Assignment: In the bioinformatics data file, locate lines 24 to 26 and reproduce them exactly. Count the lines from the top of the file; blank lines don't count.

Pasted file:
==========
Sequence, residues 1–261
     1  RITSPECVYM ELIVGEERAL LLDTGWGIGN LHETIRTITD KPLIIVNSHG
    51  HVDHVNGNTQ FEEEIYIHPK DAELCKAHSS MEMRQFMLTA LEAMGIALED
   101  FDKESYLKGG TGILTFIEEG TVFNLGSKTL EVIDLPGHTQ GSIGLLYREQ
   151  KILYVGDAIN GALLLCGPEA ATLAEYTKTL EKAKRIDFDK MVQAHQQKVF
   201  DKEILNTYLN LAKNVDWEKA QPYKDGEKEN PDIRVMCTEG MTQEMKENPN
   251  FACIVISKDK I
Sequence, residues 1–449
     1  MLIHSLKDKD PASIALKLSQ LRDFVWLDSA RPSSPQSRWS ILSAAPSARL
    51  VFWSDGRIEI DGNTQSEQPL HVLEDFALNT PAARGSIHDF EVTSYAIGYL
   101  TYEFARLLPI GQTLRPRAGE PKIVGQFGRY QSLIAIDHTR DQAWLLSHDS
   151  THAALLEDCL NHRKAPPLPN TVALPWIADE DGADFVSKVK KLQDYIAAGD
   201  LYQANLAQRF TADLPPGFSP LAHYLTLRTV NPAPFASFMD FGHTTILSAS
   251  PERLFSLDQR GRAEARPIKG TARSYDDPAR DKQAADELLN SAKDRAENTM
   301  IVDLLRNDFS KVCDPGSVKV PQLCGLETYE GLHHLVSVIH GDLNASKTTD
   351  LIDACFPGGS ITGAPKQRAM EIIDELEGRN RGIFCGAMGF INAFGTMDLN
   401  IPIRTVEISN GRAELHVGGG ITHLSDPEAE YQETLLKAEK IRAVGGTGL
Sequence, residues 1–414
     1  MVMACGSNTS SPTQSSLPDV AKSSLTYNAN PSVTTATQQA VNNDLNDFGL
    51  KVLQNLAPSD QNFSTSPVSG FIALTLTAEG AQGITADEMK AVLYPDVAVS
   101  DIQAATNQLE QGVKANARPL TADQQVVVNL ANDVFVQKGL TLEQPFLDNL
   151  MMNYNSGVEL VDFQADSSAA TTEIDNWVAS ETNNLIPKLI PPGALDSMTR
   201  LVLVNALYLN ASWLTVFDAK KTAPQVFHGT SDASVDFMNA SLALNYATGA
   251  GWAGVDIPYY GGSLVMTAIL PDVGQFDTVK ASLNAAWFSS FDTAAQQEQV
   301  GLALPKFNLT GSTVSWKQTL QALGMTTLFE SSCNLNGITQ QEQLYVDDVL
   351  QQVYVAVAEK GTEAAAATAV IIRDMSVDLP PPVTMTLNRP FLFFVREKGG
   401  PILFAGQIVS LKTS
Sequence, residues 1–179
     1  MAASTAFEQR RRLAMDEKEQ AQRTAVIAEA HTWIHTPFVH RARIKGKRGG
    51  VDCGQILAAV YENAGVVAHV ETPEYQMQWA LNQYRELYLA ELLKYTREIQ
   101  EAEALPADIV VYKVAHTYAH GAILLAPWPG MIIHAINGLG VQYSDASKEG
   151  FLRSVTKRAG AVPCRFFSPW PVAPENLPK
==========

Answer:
   251  GWAGVDIPYY GGSLVMTAIL PDVGQFDTVK ASLNAAWFSS FDTAAQQEQV
   301  GLALPKFNLT GSTVSWKQTL QALGMTTLFE SSCNLNGITQ QEQLYVDDVL
   351  QQVYVAVAEK GTEAAAATAV IIRDMSVDLP PPVTMTLNRP FLFFVREKGG